SC seeks responses from Tamil Nadu, West Bengal on plea challenging ban on ‘The Kerala Story’

The bench also asked the Tamil Nadu government to specify measures taken to provide adequate security to theatres screening the movie.

BySouth First Desk

Published May 12, 2023 | 5:55 PMUpdatedMay 12, 2023 | 5:56 PM

The Kerala Story Supreme Court

A Supreme Court bench comprising Chief Justice DY Chandrachud and Justice PS Narasimha sought replies from the West Bengal and Tamil Nadu governments on a plea of the producers of The Kerala Story challenging the ban in the two states.

The bench, on Friday, 12 May, questioned the West Bengal government, saying the film is being screened in the rest of the country without any problem and there appears to be no reason for the ban.

Review: ‘The Kerala Story’ depicts a Kerala that is unfamiliar to most Malayalis

‘Running elsewhere’

“The movie is running in the rest of the country, including in states having similar demographic composition, and nothing has happened. This has nothing to do with the artistic value of the film. If people do not like the movie, they will not watch the movie,” the bench told senior advocate Abhishek Singhvi, appearing for the West Bengal government.

Singhvi said according to intelligence inputs, there may be a situation of law and order problem and peace among different communities may be breached.

The bench also asked the Tamil Nadu government to specify measures taken to provide adequate security to theatres screening The Kerala Story.

“The state government cannot say that it will look the other way when theatres are attacked and chairs are being burnt,” the bench told advocate Amit Anand Tiwari, appearing for the Tamil Nadu government, after he submitted that there is no ban on the movie.

Related: Why the real Kerala story is mostly about love, and not so much jihad

‘De facto ban in Tamil Nadu’

Senior advocate Harish Salve, appearing for producers of the movie, said there is a de facto ban in Tamil Nadu as theatres screening the movie are being threatened and they have dropped the screenings.

“For West Bengal, we are seeking quashing of the ban order,” he said.

“We are issuing notices to both the states and they may file their response by Wednesday. We will take up the matter on Thursday,” the bench said.

On 5 May, the day the film was scheduled to be released, the Kerala High Court refused a stay on the movie and said its trailer did not contain anything offensive to any particular community as a whole.

The high court noted the producers’ submission that they do not intend to retain an “offending teaser” which contained a statement that “32,000 women” from Kerala were converted and joined the IS group.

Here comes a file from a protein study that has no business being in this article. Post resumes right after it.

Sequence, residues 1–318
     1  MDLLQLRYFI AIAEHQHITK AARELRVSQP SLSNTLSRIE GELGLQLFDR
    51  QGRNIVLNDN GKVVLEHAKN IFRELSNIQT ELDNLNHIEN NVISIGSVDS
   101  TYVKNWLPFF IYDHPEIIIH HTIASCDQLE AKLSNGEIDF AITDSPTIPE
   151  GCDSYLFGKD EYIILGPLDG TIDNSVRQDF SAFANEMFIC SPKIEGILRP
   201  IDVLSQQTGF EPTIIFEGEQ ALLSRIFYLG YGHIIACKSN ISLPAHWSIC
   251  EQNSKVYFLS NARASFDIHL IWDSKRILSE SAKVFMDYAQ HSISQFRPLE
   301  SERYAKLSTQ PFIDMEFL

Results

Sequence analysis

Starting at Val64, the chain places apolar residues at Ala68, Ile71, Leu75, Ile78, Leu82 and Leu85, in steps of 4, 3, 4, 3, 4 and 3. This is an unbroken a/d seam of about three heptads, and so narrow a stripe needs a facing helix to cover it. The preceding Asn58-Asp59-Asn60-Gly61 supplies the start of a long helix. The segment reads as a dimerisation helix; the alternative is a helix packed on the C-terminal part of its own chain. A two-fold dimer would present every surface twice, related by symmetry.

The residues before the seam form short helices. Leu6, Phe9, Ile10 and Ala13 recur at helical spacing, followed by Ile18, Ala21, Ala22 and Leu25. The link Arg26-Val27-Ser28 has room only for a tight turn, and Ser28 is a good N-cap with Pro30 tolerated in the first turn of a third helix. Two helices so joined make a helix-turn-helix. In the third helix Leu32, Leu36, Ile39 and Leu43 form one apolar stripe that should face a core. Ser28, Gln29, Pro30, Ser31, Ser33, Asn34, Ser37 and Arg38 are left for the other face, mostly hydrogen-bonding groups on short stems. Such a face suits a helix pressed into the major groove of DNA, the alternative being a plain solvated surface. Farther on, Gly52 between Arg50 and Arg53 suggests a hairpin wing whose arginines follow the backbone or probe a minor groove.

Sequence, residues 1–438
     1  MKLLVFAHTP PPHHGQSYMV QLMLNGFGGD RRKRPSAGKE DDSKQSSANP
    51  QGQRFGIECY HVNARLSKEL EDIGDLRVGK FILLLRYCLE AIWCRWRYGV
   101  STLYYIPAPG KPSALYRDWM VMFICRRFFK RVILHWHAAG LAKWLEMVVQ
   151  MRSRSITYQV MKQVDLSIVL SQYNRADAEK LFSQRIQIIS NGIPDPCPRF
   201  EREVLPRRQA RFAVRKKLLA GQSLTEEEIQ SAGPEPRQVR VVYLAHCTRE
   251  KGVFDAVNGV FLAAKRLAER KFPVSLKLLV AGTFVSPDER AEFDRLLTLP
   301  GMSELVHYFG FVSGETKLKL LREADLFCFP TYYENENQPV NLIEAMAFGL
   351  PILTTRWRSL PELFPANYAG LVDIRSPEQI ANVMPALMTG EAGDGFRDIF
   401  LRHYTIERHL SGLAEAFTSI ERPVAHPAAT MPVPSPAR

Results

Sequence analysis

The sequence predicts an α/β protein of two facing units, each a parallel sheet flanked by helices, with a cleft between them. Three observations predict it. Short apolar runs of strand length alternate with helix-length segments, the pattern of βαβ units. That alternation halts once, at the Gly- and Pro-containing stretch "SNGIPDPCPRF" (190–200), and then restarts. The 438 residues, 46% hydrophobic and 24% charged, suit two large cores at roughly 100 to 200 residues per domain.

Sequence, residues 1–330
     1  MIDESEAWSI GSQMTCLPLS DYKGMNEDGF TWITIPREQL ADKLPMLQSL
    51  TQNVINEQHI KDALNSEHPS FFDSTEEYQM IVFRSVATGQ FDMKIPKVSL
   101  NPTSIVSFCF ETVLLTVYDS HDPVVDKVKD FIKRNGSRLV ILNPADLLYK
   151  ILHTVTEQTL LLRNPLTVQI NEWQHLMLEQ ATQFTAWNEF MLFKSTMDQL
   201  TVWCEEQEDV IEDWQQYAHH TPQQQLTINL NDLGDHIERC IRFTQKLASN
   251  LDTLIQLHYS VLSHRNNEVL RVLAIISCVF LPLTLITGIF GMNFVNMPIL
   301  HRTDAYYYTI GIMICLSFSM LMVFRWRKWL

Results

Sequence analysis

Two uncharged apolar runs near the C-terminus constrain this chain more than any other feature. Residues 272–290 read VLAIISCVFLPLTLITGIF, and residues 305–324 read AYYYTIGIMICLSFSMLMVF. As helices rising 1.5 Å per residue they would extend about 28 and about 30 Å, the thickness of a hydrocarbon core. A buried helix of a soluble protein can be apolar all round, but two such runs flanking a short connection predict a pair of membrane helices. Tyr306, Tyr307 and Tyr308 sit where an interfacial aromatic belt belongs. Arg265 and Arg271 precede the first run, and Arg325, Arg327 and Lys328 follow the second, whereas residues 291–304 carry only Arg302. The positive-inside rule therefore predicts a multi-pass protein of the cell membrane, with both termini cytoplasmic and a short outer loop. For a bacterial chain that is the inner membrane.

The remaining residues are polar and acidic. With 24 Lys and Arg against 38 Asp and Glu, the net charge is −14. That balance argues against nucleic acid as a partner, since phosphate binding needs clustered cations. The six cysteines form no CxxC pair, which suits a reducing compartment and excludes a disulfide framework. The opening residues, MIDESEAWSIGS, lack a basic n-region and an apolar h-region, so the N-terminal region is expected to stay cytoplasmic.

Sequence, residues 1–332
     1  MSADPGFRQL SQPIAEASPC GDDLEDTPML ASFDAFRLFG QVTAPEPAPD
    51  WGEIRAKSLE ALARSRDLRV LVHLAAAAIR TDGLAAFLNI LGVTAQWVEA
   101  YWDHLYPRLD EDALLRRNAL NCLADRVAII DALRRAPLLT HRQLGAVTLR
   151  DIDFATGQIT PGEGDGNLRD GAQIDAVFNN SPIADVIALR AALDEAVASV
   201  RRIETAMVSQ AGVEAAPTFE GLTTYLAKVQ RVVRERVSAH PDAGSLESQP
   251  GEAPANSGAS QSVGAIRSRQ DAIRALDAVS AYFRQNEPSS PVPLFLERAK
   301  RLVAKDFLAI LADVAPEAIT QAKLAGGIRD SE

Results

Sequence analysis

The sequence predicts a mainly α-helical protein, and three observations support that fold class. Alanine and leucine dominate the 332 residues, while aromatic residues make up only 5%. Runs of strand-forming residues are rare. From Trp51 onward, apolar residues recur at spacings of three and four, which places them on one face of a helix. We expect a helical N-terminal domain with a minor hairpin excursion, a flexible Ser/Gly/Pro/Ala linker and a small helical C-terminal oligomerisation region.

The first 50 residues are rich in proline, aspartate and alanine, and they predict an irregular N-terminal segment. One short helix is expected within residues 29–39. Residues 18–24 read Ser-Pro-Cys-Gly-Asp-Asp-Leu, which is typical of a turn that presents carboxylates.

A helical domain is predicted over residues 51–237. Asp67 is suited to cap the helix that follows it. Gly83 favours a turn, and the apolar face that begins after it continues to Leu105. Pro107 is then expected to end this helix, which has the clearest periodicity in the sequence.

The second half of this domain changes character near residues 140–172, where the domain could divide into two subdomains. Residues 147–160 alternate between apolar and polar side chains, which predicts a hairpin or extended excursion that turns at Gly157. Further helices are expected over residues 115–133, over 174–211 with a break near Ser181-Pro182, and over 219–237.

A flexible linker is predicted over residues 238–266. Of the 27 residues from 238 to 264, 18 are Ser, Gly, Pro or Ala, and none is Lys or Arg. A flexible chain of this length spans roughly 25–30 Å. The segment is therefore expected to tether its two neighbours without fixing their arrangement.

The court said the Central Board of Film Certification (CBFC) has examined the movie and found it suitable for public exhibition.

The high court also noted that the producers have published a disclaimer along with the movie which specifically says it is fictionalised and a dramatised version of events and that the film doesn’t claim accuracy or factuality of historic events.

Related: Theatres in TN stop screening citing ‘lack of interest’ from people

32,000 women to three women

The filmmakers changed the teaser from “32,000 women” who were converted and recruited by ISIS, to “three women”.

Meanwhile, The Kerala Story was made tax-free in Uttar Pradesh.

Chief Minister Yogi Adityanath announced it on Tuesday, prompting the Opposition Samajwadi Party to say the state government should not use cinema and literature to impose a “poisonous agenda on the nation”.

The announcement comes days after the Madhya Pradesh government said it will give tax-free status to the film, while West Bengal Chief Minister Mamata Banerjee ordered an immediate ban on its screening.

In Tamil Nadu, multiplexes cancelled screenings of the controversial film on 7 May.

UP BJP secretary Abhijat Mishra, on 6 May, organised the screening of the controversial film for about 100 college girls.

Related: ‘The Kerala Story’ is making money elsewhere

‘To prevent love jihad’

The BJP leader booked a theatre and said the movie should be shown to young women to prevent them from falling prey to the so-called “love jihad”, a discredited idea.

“Love jihad” is a term often used by right-wing activists to allege a ploy by Muslim men to lure Hindu women into religious conversion through marriage.

Mishra said the movie is based on true events and shows how gullible girls are manipulated and then converted.

In Karnataka, where Prime Minister Modi endorsed the movie saying that it speaks about the reality in Kerala, BJP president JP Nadda attended a special screening organised in Bengaluru on 7 May.

On the day of its release, at Thiruvananthapuram’s Aries Plus, two shows were held with the “houseful” board hanging on its gate. The board went missing after the two shows.

Theatre staff later explained that the two shows were organised by Thapasya, the cultural wing of BJP in Kerala, for its members and some of the fellow travellers of the Sangh Parivar.

RSS pracharak S Sethumadhavan, BJP state secretary P Sudheer and noted film producer G Suresh Kumar were among those who viewed the film. The screening was free. Thapasya met the expenses.

(With PTI inputs)